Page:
Regardless, that doesn’t correct the other issues with the WaterFix that have been carried through into the Single Tunnel plan. We know that the intake locations in the north will destroy legacy communities there. The location has nothing to do with the “best” location for intakes but instead because DWR has an existing water right at these locations and will not have to go through the process of initiating a new water right if it selects these locations. This is not a lawful reason to exclude consideration of other locations. We know that location of the intakes next to legacy communities is not acceptable.

STCDA believes newer, modern technologies like desalination, recycling, and conservation for L.A. Replacing turf landscaping (green lawns) in southern California with drought tolerant landscaping would save more water than is annually diverted from the Delta. That plus investing in ground water table recharge for the Central Valley, not a tunnel, are the right solutions to help those areas of the state reduced reliance on the Delta through improved regional self-reliance which is a top priority for the Newsom administration. Newsom needs to drop the tunnel plan in favor of modern alternatives.

Wave of suits hits Delta Plan

This week Save the California Delta Alliance joined with numerous other entities including environmental groups, commercial fishermen, water diverters and local governments in protesting the Delta Stewardship Council’s adoption of the Delta Plan. To view the STCDA Law Suit Filing click here.

The STCDA suit represents the interests of the large number of members in Discovery Bay, who “own waterfront homes with attached docks in the Delta”, and others who “swim, fish, boat, water-ski, wakeboard and otherwise recreate in the Delta. STCDA members earn their livings in Bay-Delta related businesses including marinas, fishing enterprises, water sports enterprises, Delta waterfront real estate agencies, and many other Bay-Delta related enterprises.” It stated that STCDA also represents the wider spectrum of membership including other Delta communities and the Bay.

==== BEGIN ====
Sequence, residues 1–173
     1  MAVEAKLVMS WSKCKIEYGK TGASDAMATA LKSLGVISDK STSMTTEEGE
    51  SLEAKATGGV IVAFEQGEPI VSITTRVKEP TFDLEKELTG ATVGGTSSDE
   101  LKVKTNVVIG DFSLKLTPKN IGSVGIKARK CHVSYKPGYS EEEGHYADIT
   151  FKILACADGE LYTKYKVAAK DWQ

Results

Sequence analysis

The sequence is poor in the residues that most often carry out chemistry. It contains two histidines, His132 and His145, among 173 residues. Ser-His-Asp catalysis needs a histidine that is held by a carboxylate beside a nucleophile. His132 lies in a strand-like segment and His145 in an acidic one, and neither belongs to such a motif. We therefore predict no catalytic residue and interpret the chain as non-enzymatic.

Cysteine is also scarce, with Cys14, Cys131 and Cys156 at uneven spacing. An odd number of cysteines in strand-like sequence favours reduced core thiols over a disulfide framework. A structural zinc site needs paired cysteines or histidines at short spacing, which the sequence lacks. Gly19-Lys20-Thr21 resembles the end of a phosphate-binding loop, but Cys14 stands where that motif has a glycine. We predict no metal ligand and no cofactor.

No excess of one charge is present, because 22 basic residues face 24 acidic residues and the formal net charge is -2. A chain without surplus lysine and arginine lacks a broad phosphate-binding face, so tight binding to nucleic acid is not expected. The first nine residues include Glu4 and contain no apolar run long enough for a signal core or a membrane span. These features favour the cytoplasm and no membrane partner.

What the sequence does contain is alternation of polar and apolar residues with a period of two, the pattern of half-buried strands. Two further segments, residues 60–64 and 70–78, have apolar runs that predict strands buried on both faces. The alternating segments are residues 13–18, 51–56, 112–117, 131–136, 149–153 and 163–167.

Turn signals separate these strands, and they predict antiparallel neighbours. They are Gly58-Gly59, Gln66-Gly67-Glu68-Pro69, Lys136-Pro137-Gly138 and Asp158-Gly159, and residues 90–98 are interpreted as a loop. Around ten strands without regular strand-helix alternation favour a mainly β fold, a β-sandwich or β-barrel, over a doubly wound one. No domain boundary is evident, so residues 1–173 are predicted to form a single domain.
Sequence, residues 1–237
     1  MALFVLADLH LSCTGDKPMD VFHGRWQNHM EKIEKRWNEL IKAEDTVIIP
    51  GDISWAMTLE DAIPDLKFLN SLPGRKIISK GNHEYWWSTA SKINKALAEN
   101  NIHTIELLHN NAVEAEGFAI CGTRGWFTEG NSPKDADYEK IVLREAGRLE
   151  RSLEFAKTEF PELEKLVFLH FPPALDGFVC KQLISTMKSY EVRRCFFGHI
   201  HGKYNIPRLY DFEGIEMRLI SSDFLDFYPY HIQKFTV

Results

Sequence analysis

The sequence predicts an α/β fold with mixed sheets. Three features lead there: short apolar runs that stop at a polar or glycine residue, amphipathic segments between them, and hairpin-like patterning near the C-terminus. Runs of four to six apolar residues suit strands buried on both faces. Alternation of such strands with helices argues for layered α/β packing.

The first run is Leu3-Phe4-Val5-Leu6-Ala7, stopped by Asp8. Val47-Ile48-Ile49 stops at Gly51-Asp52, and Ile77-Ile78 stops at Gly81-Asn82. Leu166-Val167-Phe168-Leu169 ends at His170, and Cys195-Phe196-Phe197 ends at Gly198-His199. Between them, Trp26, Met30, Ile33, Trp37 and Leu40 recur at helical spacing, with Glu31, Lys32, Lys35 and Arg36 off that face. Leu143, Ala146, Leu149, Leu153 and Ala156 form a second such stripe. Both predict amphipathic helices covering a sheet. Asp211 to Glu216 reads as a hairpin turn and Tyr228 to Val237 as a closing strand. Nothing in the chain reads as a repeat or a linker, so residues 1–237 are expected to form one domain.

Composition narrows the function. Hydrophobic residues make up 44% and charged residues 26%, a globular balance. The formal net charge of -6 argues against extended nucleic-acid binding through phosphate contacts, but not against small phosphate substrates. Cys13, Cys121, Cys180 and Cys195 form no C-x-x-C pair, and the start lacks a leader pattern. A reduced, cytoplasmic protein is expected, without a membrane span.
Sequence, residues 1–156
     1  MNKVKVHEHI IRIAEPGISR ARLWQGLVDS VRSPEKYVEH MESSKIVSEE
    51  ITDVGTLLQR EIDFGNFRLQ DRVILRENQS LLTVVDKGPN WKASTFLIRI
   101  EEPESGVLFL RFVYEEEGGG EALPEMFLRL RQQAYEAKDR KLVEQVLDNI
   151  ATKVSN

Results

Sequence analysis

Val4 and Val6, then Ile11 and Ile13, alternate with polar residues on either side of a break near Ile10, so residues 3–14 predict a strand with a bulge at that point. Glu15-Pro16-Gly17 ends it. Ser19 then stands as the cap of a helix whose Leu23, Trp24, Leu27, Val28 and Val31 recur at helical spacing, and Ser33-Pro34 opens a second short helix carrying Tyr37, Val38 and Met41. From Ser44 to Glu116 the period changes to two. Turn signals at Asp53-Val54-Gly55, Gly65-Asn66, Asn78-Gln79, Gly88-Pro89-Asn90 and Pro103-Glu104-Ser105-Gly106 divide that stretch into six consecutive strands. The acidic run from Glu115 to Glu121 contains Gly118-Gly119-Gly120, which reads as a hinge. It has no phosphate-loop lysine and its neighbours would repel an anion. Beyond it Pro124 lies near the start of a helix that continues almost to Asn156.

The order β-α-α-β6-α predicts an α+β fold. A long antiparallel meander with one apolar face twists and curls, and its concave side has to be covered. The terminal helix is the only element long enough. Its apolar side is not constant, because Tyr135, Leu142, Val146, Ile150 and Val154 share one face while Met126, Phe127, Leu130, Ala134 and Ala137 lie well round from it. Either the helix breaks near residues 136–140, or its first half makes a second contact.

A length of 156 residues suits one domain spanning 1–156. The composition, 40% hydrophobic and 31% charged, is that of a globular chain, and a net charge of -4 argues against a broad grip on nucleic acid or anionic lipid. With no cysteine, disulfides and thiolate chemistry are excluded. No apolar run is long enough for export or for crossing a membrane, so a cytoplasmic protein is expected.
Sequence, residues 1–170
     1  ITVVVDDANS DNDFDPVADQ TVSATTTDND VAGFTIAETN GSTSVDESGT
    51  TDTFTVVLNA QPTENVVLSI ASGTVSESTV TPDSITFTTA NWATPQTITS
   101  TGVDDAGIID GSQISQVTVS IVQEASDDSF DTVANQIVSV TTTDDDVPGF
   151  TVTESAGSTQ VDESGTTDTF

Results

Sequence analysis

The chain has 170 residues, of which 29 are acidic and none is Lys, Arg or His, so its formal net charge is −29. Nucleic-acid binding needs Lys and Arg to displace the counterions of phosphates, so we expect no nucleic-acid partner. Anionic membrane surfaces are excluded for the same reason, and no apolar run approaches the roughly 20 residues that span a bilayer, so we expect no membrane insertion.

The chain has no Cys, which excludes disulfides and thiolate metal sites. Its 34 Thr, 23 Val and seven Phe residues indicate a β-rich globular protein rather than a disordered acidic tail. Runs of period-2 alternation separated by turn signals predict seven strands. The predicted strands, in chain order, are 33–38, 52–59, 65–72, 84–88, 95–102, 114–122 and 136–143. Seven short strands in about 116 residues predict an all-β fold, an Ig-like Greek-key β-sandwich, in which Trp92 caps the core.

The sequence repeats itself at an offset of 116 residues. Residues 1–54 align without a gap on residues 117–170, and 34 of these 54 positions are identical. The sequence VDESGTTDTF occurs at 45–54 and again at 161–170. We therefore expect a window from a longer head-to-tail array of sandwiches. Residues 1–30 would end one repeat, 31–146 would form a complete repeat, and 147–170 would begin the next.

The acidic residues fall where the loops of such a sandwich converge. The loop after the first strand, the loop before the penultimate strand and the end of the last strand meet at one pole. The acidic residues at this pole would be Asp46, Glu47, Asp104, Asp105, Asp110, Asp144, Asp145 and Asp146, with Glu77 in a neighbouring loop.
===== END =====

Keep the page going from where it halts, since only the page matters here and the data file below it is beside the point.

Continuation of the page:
Like the other suits, we object that the Delta Stewardship Council did not start with the scientific Delta Flows as directed by the Legislature. The Delta Flows are needed to identify how much water is available for export and how much must flow through the Delta to sustain it. The State Water Resources Control Board did produce its Delta Flow report in August 2010 but the answer was that the Delta needed less water exported out, not more. That was the wrong answer for the DSC so they have ignored the Delta Flows.

Our suit was able to take the Delta Stewardship Council to task for not specifically taking a position with regards to the still ‘on-hold’ Two-Gates Fish Protection Demonstration Project and The Plan makes no recommendations regarding them. As the last email to the membership noted, the Bacon Island Bridge is undergoing a one-month maintenance down-time in October during which, if the two-gates had been installed in 2009 as planned, Discovery Bay boats would not be able to come or go during that entire month. In addition, on Memorial Day, there was a tragic accident south of Mildred Island where a truck ran off the road into the slough and several people were missing. We were not allowed to pass through that slough to get from Mildred Island, through the Bacon Island Bridge to Discovery Bay due to the rescue operation and had to go the long way up Middle River and down Old River where the Two Gates would have not allowed us to return home with our grandbaby after the long weekend. We need to remain diligent to insure that gates do not get installed throughout the Delta, blocking navigation and causing other issues.